Normal values for 25OHD are in the range 30-120nmol/L, but in recent times the concept of vitamin D insufficiency is gaining increased acceptance, with patients in the lower end of the normal range being considered for supplementation.
The general recommendation is that clinicians consider testing for vitamin D deficiency in all those with any of the risk factors identified above. Those with a 25OHD of less than 30nmol/L definitely require treatment while those with a result less than 50nmol/L will probably also benefit from supplementation.
Advice about increased sun exposure is an important part of therapy. While it is inappropriate that we try to persuade most grandmothers to wear tank tops or Islamic women to discard the veil, it may be worthwhile encouraging these groups to expose their skin to the sun in a private setting (such as a balcony or yard) for the short period each day recommended for adequate vitamin D synthesis.
Interestingly from a broader public health perspective, one study has indicated that even when lower risk groups, such as the community-dwelling elderly, were supplemented with additional vitamin D there was a 20% reduction in fracture rate in five years .
VITAMIN D SUPPLEMENTS
Unfortunately there is only one supplement available at this time in Australia —Ostelin, an oral preparation containing 1000IU of vitamin D. One gel cap a day is the usual recommended dose, although higher doses may be used initially in those with more severe deficiencies. Two months’ supply of Ostelin at the usual dose costs about $20. Some calcium supplements also contain vitamin D, but only in doses of 100-200IU. It is important to ensure that those on vitamin D supplements are getting adequate amounts of calcium as well, because low-calcium levels will mean any available vitamin D is poorly absorbed.
In many other parts of the world much higher doses of vitamin D are available cheaply in an injectable form. The preparation has a low incidence of toxicity and side effects, so doses of 100,000 to 300,000IU have been used at 6-12 month intervals. Such doses are particularly useful in those patients at high risk of vitamin D deficiency, such as those in nursing homes or institutional care.
It is hoped Australia will get access to such injectable forms of vitamin D soon because they not only have the potential to substantially reduce the morbidity and mortality in this vulnerable group, but will also make supplementation much easier.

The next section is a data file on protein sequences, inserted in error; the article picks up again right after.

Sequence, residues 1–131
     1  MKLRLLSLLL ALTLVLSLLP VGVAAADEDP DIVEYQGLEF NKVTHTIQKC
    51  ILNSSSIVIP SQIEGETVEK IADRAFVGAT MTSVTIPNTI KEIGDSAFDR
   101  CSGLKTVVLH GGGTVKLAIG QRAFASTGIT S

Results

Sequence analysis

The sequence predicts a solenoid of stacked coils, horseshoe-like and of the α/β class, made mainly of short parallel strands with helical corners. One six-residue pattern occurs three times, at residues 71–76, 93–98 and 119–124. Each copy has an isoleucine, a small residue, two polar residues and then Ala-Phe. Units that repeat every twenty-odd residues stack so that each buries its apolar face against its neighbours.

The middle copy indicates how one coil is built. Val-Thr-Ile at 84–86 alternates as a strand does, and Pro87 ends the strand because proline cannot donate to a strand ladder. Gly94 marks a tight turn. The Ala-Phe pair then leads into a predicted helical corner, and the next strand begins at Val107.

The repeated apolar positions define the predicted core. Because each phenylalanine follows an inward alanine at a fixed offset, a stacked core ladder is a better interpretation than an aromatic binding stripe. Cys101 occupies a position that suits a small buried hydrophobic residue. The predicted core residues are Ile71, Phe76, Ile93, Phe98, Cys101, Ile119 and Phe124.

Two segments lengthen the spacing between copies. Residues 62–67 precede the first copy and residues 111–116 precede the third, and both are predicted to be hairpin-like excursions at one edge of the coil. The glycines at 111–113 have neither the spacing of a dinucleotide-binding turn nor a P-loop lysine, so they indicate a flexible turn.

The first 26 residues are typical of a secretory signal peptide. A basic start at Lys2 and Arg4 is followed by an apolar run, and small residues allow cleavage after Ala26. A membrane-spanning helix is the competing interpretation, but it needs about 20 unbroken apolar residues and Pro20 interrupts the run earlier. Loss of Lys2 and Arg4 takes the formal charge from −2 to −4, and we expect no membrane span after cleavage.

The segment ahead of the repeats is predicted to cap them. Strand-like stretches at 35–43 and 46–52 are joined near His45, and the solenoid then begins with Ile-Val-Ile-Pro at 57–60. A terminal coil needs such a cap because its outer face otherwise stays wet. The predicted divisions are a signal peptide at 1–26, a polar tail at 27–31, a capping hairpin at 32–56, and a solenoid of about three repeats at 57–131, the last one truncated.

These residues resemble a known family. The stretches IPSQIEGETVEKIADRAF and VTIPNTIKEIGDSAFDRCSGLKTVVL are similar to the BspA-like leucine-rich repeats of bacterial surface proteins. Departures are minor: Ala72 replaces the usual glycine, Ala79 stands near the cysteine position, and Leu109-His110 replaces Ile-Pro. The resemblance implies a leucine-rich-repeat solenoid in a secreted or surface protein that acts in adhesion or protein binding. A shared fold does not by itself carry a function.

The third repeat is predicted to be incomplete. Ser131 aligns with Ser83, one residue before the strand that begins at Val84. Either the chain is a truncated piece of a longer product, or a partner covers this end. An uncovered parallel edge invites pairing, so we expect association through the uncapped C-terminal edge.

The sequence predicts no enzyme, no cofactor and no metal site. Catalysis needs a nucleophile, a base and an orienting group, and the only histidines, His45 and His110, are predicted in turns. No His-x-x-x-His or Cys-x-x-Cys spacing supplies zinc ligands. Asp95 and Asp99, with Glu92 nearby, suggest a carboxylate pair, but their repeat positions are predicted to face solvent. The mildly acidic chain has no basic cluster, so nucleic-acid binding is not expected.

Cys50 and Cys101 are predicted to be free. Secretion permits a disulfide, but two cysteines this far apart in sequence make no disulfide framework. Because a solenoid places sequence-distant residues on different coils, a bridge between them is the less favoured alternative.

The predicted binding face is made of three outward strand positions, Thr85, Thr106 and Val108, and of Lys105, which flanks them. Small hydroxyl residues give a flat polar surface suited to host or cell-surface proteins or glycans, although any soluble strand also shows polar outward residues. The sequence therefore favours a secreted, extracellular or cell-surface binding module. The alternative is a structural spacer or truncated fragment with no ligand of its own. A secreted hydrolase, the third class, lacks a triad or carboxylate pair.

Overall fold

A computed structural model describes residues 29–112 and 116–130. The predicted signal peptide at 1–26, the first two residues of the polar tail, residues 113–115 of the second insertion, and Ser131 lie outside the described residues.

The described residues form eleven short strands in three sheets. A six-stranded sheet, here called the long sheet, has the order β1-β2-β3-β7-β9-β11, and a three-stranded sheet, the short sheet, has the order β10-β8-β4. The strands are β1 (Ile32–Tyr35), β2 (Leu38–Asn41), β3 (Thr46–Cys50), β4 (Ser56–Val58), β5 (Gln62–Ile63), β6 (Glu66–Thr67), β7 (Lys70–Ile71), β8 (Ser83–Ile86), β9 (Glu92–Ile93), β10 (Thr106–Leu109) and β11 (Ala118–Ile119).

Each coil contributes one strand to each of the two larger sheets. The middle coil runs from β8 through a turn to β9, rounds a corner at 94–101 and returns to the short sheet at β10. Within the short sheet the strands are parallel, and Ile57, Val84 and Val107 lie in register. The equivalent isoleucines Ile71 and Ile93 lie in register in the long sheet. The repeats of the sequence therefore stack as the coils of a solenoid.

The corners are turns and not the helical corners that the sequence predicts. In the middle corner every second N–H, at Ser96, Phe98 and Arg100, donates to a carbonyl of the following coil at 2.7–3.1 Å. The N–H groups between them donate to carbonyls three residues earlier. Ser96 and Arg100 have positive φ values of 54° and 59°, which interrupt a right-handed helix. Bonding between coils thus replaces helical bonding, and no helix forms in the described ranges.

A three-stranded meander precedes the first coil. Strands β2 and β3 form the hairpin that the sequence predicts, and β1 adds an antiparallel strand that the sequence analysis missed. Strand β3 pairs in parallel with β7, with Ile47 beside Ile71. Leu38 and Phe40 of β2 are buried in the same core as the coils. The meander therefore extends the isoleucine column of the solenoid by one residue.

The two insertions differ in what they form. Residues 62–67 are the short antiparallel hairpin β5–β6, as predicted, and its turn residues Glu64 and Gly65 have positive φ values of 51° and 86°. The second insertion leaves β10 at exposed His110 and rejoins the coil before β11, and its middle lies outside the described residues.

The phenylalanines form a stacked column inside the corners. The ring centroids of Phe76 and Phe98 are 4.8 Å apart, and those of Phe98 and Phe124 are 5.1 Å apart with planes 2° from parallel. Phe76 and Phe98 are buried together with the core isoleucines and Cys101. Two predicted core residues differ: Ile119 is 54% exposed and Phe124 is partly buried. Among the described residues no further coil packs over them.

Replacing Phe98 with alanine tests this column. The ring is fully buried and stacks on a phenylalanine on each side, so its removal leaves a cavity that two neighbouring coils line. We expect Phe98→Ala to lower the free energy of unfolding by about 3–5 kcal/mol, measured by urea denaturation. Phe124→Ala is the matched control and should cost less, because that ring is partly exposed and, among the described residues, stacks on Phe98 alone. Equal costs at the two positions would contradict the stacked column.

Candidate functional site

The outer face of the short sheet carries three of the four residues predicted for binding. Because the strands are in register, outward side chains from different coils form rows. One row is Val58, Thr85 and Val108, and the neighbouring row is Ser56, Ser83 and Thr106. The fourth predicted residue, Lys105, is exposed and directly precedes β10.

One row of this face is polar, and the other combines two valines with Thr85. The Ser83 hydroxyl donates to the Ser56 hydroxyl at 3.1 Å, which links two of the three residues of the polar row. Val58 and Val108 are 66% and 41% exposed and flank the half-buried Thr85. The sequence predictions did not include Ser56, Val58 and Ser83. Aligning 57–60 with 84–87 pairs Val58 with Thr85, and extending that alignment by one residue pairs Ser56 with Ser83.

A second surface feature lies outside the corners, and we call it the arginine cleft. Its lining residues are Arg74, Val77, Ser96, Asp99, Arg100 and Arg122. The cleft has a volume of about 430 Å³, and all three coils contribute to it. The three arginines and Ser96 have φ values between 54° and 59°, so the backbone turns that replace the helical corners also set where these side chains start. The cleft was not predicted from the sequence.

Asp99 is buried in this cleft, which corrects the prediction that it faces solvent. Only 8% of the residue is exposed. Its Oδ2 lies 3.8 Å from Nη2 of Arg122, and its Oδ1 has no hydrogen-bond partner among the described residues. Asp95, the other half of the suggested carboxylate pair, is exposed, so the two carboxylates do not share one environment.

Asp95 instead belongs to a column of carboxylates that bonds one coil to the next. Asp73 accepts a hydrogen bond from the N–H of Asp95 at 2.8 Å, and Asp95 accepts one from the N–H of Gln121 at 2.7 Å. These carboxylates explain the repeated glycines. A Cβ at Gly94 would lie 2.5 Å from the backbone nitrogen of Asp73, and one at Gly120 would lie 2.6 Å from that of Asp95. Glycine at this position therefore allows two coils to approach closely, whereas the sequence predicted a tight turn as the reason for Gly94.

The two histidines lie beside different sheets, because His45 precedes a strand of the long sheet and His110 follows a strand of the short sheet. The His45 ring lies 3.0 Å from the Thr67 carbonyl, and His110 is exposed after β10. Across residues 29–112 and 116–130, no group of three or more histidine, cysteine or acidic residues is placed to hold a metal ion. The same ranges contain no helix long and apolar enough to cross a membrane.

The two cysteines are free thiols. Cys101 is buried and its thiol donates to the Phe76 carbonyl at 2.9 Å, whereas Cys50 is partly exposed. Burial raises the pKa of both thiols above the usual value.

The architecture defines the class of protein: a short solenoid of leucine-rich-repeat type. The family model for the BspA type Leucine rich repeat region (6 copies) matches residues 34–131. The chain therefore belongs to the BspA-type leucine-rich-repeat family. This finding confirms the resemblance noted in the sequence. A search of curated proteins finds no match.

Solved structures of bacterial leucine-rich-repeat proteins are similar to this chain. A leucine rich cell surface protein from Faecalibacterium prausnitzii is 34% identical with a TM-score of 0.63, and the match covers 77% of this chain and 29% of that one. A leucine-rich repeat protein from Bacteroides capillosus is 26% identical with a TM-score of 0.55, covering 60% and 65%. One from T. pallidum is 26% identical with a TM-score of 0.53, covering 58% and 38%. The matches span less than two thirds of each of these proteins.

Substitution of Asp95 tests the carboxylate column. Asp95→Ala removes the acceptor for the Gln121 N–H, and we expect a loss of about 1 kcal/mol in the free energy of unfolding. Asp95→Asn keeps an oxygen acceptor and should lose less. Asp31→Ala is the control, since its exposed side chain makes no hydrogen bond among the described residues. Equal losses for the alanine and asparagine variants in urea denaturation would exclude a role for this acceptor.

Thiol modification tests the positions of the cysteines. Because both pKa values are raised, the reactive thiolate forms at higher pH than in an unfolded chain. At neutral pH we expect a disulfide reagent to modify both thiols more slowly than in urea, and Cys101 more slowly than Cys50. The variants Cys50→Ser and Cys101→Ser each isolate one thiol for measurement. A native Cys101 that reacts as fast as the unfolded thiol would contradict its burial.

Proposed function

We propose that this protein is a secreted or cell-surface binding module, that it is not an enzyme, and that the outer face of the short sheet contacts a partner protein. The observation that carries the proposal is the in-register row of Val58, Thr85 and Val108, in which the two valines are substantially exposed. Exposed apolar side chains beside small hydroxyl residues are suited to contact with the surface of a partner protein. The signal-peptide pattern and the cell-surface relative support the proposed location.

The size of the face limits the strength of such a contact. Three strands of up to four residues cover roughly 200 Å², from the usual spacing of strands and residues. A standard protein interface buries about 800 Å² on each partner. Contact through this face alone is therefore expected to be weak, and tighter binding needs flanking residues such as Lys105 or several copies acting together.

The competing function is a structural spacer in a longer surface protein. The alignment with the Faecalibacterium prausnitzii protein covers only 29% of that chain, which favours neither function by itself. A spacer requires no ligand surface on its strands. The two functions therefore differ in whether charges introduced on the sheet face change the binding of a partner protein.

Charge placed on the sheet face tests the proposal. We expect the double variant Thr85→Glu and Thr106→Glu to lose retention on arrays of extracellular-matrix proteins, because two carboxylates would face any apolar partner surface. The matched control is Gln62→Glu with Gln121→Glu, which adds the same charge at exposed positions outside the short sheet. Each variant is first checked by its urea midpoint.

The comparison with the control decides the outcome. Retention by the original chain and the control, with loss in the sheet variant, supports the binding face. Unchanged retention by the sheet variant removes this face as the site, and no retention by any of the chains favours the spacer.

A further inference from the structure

WHY IS VITAMIN D A WOMEN’S HEALTH ISSUE?
Vitamin D deficiency can affect anyone — women and men, young and old. But in our society it is a particular issue for women because we live longer than our male counterparts and tend to spend a larger proportion of time at the end of our lives in institutional care.
An understanding of the role vitamin D plays in bone strength and mineralisation means it is becoming more important in any discussion about the management of osteoporosis risk. The suggestion that vitamin D may be partly responsible for maintenance of muscle strength and co-ordination makes it critical in reducing the risk of falls leading to hip fracture, which causes significant morbidity and mortality in older women.
In an increasingly multicultural Australian society, and one in which all women are alert to the potential damage done to their skin by excessive sun exposure, we may need to develop clearer messages for all women as to what constitutes a healthy, safe level of sun exposure.
And in the future, should the presently suggested link between vitamin D and the development of some female cancers and autoimmune diseases be established, we may find ourselves using vitamin D-like compounds in their prevention and treatment. We are only beginning to understand the impact vitamin D has, not just on the skeleton, but on multiple organ systems. It should be an interesting journey of discovery.
Dr Foran is a sexual health physician in private practice in Sydney, and conjoint lecturer at the University of NSW.